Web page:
Entertainment » Theatre

The Merchant Of Venice

by Kilian Melloy
Friday Nov 14, 2008
The cast of The Merchant of Venice
The cast of The Merchant of Venice  (Source:Actors’ Shakespeare Project)

The Actors' Shakespeare Project launches its fifth season with a crackling production of The Merchant of Venice, playing through December 7 at Midway Studios, located at 15 Channel Center Street (until recently, Midway Street) in South Boston's arts-rich Fort Point Channel area.

As the program notes point out, any contemporary production of The Merchant of Venice is going to be faced with a sticky problem insofar as its villain is a Jewish businessman named Shylock. The play incorporates what might be seen by modern eyes as anti-Semitism, but on a deeper level the play is about nature and nurture.

It's also about money, and the task of making money--a business often antithetical to that of taking care of others in one's own community.

These two themes are not at all separate, and director Melia Bensussen explores them both back to their common root with clarity and humor.

In a nutshell, the plot finds a successful importer, Antonio (Robert Walsh), putting his own life on the line to secure a loan for his friend, Bassanio (Robert Serrell). The loan is made by Shylock (Jeremiah Kissel), but the terms are drastic: if Antonio does not repay the loan within 90 days, he forfeits the collateral he has put up against the loan: in this case, and at Shylock's insistence, a pound of Antonio's own flesh, to be cut from near his heart.

This is a comedy, but things a dramatic turn when Antonio is not able to repay the loan on time and Shylock demands that the letter of the law be followed and his bond--along with Antonio--be executed.

Shylock's antagonism toward Antonio arises partly from Shylock's displeasure over Antonio's business practices, which have cost Shylock money in the past. But that's just business: what stings Shylock more deeply is that Antonio, being a citizen of Venice (something that the Jewish Shylock, considered to be an "alien," can never be), conducts himself with casual contempt for Shylock, spitting upon him and calling him a "dog."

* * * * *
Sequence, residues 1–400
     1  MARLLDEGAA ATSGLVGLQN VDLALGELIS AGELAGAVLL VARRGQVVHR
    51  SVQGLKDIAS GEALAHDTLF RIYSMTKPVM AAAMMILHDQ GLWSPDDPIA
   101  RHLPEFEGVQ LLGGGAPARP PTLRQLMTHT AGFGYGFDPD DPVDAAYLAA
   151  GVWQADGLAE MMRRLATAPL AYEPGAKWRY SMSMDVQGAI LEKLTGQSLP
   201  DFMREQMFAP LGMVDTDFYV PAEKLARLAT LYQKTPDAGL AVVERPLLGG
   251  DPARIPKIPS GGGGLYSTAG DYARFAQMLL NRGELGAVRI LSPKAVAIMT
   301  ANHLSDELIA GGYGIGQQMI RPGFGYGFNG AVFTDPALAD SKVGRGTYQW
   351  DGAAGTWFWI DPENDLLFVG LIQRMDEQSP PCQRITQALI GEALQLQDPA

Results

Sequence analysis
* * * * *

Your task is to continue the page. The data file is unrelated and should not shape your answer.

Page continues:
That insult is referenced again and again, forming the nexus of the play's debate on race: is Shylock ruthlessly intent on carving out his pound of flesh because of his nature (as a Jew, that is), or because for once the long-suffering "alien" minority has a chance, under law, to strike back at his dismissive oppressors?

Antonio argues that one might as well ask the trees to stop swaying in the wind as ask a Jew to show mercy. His point of view is inalterably steeped in anti-Semitic prejudice.

But that doesn't make the play anti-Semitic. Quite the contrary: seldom has a more articulate argument been made against racism and prejudice as when Shylock makes his famous speech about the common humanity of Jews and Christians: "When you prick us, do we not bleed?" Of course, his anger arises from the fact that he and his people are "pricked" all the time by Christians who feel no compunction about it, because they simply do not see Jews as being quite human.

Hence the insult of "dog," to which Shylock returns, most tellingly, when he rebuffs Antonio's plea for mercy, saying, "Thou call'dst me dog before thou hadst a cause;/But, since I am a dog, beware my fangs..."

"Before thou hadst a cause" refers to prejudice, the pre-judgment Antonio has passed on Shylock's character. The next line, however, contains the essence of the play's conflicting points of view: to Antonio, "since I am a dog" is simply an acknowledgment of a base and brutish nature. But what Shylock is saying is that he's been treated like a dog, so those who dismissed him as animal rather than human should be prepared to be treated accordingly.